Multifidus atrophy is localized and bilateral in active persons with chronic unilateral low back pain

Arch Phys Med Rehabil. 2012 Feb;93(2):300-6. doi: 10.1016/j.apmr.2011.09.017.


Objective: To compare the lumbar multifidi muscle volume devoid of fat local to the site of pain in persons with and without chronic unilateral lower lumbar pain.

Design: Prospective cross-sectional design.

Setting: University biokinesiology laboratory.

Participants: Active individuals (n=14) with chronic unilateral lower lumbar pain (>1 y) were matched for age, height, weight, and activity level with healthy individuals (n=14). Individuals with back pain had minimal disability (Oswestry Disability Index [mean ± SD], 14.9%±6.3%) at the time of testing.

Interventions: Not applicable.

Main outcome measures: Multifidus and erector spinae muscle volumes at the L5-S1 levels, multifidus muscle volumes at the L4 and S2-3 levels.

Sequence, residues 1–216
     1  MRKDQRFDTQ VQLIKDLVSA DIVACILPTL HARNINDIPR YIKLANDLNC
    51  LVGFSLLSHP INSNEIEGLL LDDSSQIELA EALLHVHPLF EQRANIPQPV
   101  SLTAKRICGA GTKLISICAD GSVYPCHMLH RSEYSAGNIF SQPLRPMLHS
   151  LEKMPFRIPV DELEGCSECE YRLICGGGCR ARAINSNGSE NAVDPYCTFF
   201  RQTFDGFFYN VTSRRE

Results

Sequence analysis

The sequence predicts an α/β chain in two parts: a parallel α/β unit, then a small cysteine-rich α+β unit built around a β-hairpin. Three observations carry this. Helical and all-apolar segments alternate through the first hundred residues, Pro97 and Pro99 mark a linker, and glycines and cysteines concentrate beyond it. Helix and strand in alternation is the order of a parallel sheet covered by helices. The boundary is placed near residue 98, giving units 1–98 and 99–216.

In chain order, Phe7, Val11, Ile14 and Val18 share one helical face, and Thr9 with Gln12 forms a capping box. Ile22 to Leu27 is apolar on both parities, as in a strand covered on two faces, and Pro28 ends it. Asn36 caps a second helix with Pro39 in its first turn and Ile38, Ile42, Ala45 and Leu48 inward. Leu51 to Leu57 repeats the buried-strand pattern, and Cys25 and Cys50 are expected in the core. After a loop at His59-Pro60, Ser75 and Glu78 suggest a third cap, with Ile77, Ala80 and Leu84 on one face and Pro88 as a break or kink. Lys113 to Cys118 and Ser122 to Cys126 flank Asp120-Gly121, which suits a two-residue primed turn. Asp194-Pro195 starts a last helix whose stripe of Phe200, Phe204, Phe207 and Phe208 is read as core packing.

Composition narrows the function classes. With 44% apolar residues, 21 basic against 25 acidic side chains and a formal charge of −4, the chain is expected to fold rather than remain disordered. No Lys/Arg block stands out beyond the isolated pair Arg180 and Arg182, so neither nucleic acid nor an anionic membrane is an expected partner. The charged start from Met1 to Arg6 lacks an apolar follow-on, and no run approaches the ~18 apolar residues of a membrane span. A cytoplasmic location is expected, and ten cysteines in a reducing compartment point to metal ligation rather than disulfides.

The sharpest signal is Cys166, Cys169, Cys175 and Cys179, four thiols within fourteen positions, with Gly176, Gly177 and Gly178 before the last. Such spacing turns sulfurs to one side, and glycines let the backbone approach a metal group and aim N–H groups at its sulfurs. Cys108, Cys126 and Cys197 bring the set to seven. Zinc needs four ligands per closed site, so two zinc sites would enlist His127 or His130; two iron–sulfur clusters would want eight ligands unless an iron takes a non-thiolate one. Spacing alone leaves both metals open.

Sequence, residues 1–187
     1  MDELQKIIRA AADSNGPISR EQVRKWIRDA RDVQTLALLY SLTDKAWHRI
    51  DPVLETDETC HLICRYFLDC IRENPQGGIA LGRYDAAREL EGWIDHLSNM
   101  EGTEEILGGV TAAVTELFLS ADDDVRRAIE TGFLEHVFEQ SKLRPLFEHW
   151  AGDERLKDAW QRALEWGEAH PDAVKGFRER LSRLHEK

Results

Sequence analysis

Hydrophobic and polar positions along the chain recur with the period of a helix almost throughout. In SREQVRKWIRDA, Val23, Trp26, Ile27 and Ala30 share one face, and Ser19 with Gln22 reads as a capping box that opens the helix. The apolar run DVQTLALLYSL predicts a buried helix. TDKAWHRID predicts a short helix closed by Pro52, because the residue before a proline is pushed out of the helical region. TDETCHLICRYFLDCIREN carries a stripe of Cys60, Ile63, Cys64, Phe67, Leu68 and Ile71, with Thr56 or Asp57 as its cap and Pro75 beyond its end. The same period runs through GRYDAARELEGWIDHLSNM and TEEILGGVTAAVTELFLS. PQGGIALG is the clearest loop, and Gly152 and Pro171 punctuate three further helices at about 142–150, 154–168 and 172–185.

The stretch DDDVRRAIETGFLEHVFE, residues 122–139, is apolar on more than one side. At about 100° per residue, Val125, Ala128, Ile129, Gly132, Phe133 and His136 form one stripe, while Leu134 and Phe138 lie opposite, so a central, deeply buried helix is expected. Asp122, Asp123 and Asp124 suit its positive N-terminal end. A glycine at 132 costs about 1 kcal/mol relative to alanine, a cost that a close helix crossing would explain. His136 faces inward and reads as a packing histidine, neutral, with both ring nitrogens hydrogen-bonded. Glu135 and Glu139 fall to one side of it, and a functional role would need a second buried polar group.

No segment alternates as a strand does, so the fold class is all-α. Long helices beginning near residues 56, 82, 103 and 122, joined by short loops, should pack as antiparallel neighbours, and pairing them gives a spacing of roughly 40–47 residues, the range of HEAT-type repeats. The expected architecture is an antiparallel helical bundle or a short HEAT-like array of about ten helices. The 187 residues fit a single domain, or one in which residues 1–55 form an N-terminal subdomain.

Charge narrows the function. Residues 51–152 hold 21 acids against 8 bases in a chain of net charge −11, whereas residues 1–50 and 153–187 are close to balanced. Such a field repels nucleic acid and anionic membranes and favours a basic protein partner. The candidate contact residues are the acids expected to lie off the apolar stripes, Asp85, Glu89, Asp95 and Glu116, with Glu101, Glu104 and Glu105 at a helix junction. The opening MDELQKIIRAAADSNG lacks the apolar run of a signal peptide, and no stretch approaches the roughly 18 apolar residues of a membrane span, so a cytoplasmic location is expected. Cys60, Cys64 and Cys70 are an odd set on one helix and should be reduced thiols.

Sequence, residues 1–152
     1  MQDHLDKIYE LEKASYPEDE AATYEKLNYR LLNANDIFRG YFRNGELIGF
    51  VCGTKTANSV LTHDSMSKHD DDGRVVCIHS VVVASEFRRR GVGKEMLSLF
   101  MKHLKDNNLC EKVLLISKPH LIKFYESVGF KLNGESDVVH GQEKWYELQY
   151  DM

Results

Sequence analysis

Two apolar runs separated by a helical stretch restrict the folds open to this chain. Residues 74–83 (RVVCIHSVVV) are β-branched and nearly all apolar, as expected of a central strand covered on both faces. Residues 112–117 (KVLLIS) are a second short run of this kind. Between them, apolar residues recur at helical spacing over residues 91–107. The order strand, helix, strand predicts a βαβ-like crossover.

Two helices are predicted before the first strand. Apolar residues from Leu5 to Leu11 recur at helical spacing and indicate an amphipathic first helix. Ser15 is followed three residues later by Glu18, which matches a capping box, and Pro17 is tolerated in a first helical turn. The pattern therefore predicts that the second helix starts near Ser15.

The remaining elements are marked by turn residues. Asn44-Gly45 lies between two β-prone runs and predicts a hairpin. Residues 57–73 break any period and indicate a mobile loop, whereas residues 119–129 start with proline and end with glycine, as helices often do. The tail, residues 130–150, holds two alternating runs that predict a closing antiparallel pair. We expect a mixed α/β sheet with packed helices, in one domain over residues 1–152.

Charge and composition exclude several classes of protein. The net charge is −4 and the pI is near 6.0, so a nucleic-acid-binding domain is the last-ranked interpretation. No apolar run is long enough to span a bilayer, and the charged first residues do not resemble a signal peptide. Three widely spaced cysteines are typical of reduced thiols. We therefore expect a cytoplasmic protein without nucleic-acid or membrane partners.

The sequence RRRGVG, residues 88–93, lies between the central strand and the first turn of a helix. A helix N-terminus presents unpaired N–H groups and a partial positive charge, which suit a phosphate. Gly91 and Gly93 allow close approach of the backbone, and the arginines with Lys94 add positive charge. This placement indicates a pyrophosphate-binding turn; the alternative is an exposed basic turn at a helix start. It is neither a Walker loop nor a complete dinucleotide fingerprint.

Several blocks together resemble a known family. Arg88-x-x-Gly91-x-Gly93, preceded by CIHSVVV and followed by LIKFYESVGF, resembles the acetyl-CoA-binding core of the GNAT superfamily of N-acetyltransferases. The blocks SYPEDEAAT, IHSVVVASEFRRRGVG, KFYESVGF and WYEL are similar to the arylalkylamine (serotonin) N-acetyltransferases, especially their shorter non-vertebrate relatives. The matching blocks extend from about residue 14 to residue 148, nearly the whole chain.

Results: Average multifidus volume was diminished by 18.1% between groups (P=.026) only at the L5-S1 levels. There was no difference between painful and pain-free sides. There were no volume differences between groups above L5, below S1, or in erector spinae at the L5-S1 levels.

Conclusions: The results of this study indicate that despite a low level of disability and an activity level similar to that of matched control subjects, considerable localized, bilateral multifidus atrophy is present. Such impaired size of the multifidus will likely reduce its capacity to control intersegmental motion, thus increasing the susceptibility to further injury. Unlike acute unilateral low back pain (LBP), muscle size is reduced bilaterally in persons with chronic unilateral LBP.

Publication types

  • Research Support, Non-U.S. Gov't

MeSH terms

  • Adult
  • Analysis of Variance
  • Chronic Disease
  • Cross-Sectional Studies
  • Female
  • Humans
  • Image Processing, Computer-Assisted
  • Low Back Pain / pathology*
  • Magnetic Resonance Imaging
  • Male
  • Matched-Pair Analysis
  • Muscle, Skeletal / pathology*
  • Muscular Atrophy / pathology*
  • Prospective Studies